Tuesday, June 26, 2007

Analysis: Ratings are as important as rhetoric for terrorists

From THE JERUSALEM POST Jun. 25, 2007, by SHELLY PAZ....

The broadcast Monday of the Gilad Schalit audiotape and the Alan Johnston videotape .... attest to the fact that modern terrorists have adopted the mass media as their weapon of choice, say top Israeli media experts.

"... The higher the ratings, the more people receive the terrorists' message," said Eviathar Ben-Zedeff, a research fellow at the International Institute for Counter Terrorism at the Interdisciplinary Center, Herzliya, on Monday. "Terror is ... psychological warfare. The terrorists' purpose is to influence the viewers and to motivate them ...to put pressure on their politicians to change policy, for example, to give back occupied territories or to free many prisoners," Ben-Zedeff explained.

... "The terrorists wish to influence three sectors: the enemy public, in this case Israelis; the wider international audience; and lastly, their own domestic audience. ... These manipulations of the media are targeted to reach political success at the lowest cost. And it works."

Ben-Zedeff believes that the reporters and especially the editors of the world's mainstream media have to filter the news items they decide to publish more thoroughly to change this reality.

"When Osama Bin-Laden sent his tape to the media, a few days after his organization attacked the Twin Towers in New York, the American communications media reported on the tape but didn't use the footage. By taking this decision, they didn't let Bin-Laden achieve what he hoped to achieve. This model has to be implemented here as well."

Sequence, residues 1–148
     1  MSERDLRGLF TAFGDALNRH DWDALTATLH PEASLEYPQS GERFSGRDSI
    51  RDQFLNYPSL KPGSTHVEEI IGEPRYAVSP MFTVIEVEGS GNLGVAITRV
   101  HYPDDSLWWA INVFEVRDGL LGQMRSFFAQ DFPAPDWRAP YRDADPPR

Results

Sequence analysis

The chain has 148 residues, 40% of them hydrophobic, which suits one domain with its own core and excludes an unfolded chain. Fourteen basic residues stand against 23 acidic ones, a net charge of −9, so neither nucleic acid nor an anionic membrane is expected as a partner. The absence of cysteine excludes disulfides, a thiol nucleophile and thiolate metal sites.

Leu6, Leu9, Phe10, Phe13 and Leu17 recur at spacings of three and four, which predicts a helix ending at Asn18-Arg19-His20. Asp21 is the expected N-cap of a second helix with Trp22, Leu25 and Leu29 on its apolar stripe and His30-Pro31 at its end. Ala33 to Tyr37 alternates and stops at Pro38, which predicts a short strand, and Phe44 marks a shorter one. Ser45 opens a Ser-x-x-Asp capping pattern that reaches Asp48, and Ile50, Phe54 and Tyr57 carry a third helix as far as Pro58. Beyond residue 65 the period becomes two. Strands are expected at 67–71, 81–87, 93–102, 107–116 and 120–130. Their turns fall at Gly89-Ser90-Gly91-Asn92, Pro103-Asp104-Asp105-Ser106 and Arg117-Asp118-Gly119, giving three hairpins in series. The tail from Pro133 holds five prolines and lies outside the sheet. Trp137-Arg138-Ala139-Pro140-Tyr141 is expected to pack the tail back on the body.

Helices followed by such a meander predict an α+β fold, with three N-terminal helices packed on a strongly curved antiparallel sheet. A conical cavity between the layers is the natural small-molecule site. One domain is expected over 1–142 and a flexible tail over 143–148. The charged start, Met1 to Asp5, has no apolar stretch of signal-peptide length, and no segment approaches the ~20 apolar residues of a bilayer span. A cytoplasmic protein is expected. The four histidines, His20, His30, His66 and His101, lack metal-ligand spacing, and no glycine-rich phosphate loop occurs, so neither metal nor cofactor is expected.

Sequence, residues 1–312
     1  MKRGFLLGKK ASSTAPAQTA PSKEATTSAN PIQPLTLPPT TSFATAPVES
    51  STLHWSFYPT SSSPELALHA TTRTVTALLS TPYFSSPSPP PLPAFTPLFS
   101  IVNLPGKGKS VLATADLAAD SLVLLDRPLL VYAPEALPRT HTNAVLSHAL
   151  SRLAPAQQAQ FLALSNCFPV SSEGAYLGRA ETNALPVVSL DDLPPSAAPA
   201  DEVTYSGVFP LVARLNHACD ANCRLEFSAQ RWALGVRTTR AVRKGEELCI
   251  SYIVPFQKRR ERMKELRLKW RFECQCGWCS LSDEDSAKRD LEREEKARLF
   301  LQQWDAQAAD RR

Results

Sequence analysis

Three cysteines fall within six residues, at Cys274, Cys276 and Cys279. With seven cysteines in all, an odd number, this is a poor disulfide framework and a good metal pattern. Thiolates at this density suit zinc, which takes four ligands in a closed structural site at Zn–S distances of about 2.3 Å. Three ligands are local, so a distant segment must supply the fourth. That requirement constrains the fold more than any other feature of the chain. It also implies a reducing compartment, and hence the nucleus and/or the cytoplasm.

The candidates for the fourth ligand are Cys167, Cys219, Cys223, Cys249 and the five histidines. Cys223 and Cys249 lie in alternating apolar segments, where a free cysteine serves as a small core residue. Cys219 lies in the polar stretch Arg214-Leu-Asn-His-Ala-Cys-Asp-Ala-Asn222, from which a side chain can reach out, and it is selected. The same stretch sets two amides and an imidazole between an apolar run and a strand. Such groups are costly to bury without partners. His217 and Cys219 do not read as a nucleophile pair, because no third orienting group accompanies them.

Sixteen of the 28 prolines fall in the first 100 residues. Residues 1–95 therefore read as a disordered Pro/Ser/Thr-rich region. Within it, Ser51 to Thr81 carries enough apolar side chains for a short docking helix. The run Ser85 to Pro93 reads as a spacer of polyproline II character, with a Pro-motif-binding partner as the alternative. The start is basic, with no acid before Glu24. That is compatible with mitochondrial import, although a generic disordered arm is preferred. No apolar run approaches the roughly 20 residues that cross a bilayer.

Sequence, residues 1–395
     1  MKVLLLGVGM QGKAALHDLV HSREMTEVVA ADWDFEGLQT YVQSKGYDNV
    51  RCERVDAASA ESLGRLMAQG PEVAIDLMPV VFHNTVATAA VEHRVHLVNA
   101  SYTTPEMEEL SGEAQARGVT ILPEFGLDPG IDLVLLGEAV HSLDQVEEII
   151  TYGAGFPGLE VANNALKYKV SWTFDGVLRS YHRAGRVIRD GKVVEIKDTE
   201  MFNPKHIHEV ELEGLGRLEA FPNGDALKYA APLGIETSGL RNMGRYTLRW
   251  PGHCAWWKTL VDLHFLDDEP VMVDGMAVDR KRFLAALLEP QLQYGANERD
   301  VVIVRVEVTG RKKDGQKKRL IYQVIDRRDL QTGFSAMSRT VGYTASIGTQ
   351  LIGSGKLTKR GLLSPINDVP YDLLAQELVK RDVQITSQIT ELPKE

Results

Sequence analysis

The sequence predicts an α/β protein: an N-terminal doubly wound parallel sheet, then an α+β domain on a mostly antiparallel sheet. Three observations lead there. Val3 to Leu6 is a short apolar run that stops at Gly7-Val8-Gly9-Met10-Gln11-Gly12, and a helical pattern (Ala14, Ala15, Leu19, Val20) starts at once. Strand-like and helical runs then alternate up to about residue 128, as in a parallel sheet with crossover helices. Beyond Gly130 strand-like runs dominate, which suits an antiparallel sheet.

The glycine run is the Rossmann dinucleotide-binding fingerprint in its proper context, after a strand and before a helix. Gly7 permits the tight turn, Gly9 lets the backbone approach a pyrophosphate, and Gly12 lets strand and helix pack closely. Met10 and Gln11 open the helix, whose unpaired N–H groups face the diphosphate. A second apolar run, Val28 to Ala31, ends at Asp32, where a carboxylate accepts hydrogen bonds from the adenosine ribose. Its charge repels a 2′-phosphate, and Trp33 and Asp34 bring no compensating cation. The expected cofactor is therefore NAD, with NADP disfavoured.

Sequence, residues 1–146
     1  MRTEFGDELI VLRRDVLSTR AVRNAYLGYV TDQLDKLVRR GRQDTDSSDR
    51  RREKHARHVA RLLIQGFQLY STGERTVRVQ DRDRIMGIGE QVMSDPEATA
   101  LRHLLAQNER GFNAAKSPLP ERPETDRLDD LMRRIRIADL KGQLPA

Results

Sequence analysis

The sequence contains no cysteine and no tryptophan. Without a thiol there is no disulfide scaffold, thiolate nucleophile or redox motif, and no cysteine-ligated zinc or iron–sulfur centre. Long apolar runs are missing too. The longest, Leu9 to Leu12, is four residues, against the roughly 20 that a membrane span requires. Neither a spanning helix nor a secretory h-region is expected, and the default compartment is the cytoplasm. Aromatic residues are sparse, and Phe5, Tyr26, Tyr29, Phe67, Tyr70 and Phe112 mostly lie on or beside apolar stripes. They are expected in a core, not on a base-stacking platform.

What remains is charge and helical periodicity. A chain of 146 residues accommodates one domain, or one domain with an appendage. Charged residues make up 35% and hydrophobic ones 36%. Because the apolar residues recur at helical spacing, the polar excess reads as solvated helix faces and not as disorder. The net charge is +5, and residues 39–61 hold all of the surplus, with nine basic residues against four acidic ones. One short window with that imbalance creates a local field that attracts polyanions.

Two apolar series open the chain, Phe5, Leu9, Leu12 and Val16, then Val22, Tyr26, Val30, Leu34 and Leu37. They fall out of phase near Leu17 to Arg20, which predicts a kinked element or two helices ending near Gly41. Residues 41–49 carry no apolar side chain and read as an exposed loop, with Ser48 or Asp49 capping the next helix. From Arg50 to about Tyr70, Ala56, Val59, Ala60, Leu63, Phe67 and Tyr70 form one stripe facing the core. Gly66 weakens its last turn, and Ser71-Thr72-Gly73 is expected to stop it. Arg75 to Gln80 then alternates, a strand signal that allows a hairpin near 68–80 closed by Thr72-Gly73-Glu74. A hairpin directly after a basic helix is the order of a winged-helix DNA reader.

...."Terrorists are interviewed on their own terms; they dictate the questions they are asked and the journalists cannot ask hard questions because if they do they will not get the next interview or worse, their lives will be in danger, especially in areas like Gaza or Iraq," she said. "Nowadays, terrorists pass the media's gate through the front door while in the past they were considered the bad guys whom no one wanted to give a stage from which to speak."

Liebes believes that this phenomenon significantly interferes with the journalist's work. Due to competition, journalists are forced to report immediately without even checking the information they have received, Liebes said. "They chase rockets and report on them live and create the atmosphere that everyplace is under attack, they don't invest time in research work, they are led instead of leading," she said.

Liebes, who recently published a book on terrorism and the media called Meeting The Enemy in the Living Room, said that it was the weaknesses of modern commercial media that terrorists are able to exploit to their own ends. To attempt to fight this phenomenon, Liebes suggested wider cooperation between the TV channels, newspapers, and the radio stations, as well as their electronic counterparts. "If editors join forces in the coverage of events, such as rocket attacks or terrorist bombings, and stop being overly competitive, coverage may be less hysterical," she said.